Though ranked higher than choosespain.com or ipanywhere.com, irs.gov is usually not the top destination for people leisurely surfing the web. But the government agency’s site can be a trove of information from its annual list of tax scams to avoid to a PDF of the agency’s original 1040, printed in 1913.
Here are five valuable tools on irs.gov you may have not known existed:
Online Small Business Calendar of Important Tax Dates
Though “Give your favorite CPA a hug” day is listed nowhere on this handy calendar, there are plenty of other dates of note such as the October 15th deadline for extended filers and the quarterly dates to file your estimated payments (if you do that sort of thing). The calendar can be viewed online or printed out as a PDF.
Find the calendar here.
Annual Withholding Calculator
As mentioned in a previous tax tip, getting your annual withholding on your W-4 close to zero is an excellent tax strategy unless you meant to lend the government money interest free. The IRS’s online withholding calculator will help you deduce the proper amount of income tax to withhold from your pay. Or how much to tip the waiter if you have no other resources on hand.
Calculate your withholdings here.
Get Your Refund Status
The IRS filed a record 155,490,000 returns in 2008 and expects to file even more than is year, so to find your needle in that venerable haystack you either need an inside man (great movie) inside or a computer. The IRS can generally provide refund status 72 hours after e-filing (three to four weeks if you paper file), and in some cases you can even change where your refund is mailed to you. See, the IRS isn’t that bad.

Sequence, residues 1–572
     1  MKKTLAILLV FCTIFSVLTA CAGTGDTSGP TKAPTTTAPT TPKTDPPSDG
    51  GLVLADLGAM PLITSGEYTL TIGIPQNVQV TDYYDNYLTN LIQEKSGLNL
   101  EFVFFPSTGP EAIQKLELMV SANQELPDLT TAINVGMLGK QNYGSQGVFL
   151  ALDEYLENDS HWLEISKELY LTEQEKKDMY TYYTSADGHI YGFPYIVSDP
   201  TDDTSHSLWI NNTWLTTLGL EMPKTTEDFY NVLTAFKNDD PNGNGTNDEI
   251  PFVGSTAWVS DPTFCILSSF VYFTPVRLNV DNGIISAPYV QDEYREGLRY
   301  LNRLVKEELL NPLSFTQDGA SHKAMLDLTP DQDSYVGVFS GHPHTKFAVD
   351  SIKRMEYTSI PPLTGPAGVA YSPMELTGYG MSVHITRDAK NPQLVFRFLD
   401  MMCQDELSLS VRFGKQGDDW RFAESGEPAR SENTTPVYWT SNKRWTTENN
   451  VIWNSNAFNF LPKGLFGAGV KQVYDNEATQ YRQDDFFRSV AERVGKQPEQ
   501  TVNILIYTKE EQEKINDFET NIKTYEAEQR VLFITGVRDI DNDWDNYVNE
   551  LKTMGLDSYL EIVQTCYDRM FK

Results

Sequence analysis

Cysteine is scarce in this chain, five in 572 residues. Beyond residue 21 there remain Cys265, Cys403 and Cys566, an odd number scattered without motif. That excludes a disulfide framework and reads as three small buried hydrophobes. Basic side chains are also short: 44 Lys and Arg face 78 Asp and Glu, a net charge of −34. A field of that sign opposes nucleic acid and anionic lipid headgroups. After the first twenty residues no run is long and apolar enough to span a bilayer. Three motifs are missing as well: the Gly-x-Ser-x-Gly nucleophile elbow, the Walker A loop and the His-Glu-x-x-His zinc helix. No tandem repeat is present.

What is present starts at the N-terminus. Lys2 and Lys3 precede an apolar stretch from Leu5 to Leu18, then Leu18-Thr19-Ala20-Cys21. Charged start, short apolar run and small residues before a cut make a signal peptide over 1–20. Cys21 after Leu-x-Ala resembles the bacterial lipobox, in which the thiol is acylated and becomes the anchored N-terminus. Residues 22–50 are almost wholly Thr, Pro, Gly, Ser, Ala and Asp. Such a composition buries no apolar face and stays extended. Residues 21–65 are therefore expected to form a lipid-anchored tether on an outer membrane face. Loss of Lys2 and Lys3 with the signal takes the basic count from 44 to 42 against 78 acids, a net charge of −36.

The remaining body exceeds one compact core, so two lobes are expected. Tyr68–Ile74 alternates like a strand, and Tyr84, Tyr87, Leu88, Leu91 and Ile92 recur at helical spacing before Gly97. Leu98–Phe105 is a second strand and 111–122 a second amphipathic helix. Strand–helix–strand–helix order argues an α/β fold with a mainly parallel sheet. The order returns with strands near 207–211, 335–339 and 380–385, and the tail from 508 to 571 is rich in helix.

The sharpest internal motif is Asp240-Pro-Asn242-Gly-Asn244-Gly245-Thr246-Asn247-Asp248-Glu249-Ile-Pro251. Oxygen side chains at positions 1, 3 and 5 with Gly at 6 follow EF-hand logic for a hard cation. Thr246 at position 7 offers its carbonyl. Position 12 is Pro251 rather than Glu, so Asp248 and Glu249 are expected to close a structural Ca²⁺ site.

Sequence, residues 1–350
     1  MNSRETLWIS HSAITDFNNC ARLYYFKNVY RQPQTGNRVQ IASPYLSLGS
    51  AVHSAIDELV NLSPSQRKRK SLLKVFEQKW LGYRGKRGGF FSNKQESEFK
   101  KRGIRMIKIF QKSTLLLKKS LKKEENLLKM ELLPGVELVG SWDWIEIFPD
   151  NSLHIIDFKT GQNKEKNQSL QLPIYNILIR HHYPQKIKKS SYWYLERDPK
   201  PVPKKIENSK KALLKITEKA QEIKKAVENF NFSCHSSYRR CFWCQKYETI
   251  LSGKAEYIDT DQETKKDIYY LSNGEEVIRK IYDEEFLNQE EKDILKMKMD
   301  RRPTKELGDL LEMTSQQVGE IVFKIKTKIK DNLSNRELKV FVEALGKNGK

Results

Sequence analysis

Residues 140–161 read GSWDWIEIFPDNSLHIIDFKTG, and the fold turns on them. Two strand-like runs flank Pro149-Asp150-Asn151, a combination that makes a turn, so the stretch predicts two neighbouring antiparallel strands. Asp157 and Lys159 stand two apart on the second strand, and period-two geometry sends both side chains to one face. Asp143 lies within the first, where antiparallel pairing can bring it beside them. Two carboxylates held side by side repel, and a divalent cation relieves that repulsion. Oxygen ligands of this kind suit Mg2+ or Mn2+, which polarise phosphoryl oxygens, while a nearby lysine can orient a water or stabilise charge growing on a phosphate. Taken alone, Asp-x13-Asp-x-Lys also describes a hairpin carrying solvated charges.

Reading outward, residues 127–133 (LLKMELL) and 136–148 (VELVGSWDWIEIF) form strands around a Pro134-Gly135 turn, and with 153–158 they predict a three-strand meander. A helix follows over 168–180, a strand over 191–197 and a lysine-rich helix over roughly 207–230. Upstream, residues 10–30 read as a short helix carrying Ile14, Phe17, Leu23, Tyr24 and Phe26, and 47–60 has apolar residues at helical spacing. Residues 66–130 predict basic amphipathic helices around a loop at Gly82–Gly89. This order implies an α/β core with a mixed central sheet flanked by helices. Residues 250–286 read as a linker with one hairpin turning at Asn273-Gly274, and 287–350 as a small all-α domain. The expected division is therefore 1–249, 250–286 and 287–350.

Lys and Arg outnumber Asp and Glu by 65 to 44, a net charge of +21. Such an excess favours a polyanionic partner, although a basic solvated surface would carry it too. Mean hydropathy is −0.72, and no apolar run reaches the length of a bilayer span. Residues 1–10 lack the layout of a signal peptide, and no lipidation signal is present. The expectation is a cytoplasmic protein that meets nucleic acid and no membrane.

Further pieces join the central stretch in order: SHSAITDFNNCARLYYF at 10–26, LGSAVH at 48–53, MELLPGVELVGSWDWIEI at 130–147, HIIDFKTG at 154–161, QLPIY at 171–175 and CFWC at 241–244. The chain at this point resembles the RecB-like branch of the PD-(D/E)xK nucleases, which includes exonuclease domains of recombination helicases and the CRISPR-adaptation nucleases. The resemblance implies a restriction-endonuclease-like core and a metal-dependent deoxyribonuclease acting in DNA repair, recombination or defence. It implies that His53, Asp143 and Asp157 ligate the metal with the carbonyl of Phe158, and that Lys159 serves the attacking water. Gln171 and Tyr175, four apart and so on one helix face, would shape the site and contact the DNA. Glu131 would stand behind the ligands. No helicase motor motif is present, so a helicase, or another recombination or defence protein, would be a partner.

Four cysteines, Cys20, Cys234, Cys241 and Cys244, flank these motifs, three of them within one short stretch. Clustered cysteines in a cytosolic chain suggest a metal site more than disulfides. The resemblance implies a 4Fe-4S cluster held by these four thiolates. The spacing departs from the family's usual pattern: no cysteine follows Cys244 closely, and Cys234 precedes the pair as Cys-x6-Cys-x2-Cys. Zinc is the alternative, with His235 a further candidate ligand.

Check your refund status here.
Find Tax Deductible Charities
Not every charitable contribution is equal in the eyes of the government, so the agency keeps a list in Publication 78 of organizations eligible to receive tax-deductible contributions. Though the list is extensive, check the Additions to Cumulative List for recently added charities.
Check the list of tax deductible charities here.
Play the What If Game – IRS Version
Ever wondered what to do if your employer goes out of business (check Pub 4128) or you have to withdraw money from your IRA (read pub590). The IRS posts a handy list of “What If” scenarios of frequently asked tax questions. If you can’t find your specific topic, email the IRS directly here, though they will probably refer more complicated issues to your CPA.
Play the What If game here.